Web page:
"Mr. Pérez has a cell phone."
Translation:El señor Pérez tiene un celular.
"El senor" is formal and is used when addressing an older gentleman or a stranger whose age you are unsure of and are therefore trying to show respect. La senora is formal and is used when addressing an older woman or a stranger whose age and/or marital status you are unsure of and are therefore trying to show respect (in English we use "Mrs" for a married woman and "Ms." for a marital status for which we are unsure.). "Senorita" is not formal and is used to address a young, unmarried woman (in English, we use Miss without a period. ).
"Un" is used ahead of a masculine noun, while "una" is used before a feminine noun; both mean "a", as in "una mujer" for "a woman" or "un restaurante" for "a restaurant". If "el" (masculine nouns) or "la" (feminine nouns) is used in my above examples, it means "the woman" and "the restaurant".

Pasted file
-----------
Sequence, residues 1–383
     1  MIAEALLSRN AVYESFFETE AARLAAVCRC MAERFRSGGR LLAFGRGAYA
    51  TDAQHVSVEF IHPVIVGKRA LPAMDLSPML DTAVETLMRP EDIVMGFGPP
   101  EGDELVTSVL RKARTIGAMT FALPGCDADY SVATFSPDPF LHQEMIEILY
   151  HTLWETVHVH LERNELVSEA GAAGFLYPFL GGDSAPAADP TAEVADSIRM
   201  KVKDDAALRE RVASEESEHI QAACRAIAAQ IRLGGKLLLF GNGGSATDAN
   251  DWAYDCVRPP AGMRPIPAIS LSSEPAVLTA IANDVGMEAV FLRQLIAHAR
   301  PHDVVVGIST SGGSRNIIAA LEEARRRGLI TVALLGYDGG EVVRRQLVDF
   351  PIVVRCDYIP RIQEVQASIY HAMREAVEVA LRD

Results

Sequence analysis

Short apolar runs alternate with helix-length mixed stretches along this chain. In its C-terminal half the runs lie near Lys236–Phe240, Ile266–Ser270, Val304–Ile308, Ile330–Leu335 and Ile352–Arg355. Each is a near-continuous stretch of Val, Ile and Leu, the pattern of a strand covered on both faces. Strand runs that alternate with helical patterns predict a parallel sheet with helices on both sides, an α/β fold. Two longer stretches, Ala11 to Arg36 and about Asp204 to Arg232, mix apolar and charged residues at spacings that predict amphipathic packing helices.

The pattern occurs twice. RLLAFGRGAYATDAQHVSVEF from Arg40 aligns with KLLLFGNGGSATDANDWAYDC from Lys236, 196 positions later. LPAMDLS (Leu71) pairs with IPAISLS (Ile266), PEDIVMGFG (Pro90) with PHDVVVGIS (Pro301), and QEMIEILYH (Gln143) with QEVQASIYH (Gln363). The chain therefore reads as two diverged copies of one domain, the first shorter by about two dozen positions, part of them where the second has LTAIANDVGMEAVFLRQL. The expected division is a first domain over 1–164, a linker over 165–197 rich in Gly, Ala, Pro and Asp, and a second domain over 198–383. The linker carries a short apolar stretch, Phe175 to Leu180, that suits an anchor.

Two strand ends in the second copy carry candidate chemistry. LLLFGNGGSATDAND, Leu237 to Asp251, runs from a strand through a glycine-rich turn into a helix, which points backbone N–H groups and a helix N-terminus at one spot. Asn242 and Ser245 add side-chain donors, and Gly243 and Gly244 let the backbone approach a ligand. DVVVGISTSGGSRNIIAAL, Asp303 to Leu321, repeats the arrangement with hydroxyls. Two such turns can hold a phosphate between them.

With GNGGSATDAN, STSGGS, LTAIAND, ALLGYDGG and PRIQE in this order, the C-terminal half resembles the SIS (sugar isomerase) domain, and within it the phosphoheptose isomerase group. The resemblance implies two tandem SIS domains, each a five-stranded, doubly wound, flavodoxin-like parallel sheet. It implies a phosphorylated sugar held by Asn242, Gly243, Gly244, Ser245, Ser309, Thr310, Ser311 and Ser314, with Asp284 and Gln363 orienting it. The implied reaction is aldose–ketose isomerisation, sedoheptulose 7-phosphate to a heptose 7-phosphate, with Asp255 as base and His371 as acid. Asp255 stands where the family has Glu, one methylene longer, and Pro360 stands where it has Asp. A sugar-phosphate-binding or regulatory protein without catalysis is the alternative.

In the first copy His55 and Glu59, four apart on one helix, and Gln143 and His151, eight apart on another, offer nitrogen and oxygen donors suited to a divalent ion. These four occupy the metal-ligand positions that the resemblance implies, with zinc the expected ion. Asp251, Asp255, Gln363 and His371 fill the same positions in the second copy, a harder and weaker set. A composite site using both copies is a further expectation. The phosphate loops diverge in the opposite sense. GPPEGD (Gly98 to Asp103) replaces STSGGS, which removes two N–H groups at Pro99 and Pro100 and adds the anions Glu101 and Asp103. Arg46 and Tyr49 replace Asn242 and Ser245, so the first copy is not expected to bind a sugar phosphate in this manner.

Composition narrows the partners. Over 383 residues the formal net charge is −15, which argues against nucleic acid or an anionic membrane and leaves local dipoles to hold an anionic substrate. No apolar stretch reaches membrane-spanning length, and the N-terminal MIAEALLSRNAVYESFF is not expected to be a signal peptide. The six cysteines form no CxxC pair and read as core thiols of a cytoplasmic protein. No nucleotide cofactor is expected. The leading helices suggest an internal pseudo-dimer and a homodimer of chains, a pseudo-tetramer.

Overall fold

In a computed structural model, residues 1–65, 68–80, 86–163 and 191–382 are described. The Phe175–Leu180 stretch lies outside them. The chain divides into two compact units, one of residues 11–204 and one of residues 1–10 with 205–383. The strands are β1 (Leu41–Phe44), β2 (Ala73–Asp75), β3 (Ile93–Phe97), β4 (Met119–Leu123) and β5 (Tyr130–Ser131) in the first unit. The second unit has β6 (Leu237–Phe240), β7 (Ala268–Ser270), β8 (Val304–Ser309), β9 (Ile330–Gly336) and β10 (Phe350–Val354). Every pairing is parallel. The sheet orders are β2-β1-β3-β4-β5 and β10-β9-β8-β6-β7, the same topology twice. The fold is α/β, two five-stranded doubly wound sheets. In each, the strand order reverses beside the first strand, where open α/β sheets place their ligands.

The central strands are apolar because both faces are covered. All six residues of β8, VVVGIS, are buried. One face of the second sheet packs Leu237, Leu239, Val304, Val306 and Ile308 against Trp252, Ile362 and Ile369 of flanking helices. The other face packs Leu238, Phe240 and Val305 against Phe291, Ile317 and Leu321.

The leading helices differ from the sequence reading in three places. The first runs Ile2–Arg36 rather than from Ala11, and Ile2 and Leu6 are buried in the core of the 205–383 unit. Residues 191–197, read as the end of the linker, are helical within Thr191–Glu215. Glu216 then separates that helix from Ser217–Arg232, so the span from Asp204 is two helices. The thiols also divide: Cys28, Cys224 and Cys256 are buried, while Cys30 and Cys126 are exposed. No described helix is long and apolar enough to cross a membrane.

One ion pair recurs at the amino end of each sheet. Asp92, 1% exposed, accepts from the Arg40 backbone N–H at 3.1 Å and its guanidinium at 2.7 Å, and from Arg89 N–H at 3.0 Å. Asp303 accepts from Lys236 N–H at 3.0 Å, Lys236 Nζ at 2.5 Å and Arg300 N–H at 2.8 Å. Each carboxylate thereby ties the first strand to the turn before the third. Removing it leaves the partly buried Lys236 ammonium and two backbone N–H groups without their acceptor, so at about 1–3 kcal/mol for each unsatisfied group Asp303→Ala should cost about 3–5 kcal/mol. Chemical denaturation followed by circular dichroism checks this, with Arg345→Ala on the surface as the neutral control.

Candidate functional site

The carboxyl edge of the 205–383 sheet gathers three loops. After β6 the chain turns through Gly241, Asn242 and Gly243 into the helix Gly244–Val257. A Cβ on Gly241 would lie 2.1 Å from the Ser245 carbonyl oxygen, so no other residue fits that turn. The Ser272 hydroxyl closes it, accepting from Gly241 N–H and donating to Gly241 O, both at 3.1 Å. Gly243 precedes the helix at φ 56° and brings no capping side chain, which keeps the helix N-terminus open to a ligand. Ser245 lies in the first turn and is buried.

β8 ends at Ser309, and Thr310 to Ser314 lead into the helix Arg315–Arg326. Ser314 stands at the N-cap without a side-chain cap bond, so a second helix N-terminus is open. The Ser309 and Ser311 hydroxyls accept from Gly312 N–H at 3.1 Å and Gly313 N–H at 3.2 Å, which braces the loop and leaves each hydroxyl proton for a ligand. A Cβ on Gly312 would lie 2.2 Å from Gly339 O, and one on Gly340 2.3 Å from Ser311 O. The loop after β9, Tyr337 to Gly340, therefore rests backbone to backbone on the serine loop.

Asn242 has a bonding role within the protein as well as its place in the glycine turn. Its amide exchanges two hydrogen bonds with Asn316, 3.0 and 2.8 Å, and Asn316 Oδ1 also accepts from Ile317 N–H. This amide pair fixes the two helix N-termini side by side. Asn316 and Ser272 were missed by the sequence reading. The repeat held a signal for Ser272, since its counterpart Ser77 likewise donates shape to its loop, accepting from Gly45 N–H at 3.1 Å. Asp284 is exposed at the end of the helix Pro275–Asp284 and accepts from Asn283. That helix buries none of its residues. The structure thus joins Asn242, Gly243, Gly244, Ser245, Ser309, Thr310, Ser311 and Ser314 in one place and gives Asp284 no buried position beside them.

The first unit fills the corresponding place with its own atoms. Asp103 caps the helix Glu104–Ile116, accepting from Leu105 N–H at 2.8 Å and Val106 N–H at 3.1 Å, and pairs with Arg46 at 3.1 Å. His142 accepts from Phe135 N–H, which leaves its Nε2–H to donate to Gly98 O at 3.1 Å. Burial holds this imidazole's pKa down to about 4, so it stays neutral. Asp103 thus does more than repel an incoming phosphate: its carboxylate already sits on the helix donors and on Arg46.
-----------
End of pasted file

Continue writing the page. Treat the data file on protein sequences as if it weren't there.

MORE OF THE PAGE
Ask someone in the UK what that device is they're staring at all day long and they'll say 'it's my mobile'. They wouldn't say 'it's my cell (phone)', unless of course they're visiting from the USA. No-one living here calls them 'cell phones'.
When talking about someone to other people that you'd call "Mr." or "Mrs." directly, you use "El" or "La". It's a general Spanish rule, like with a noun, where you have to have something in front to make a correct word/statement. In this case, in the English translation, the "El" or "La" are left out.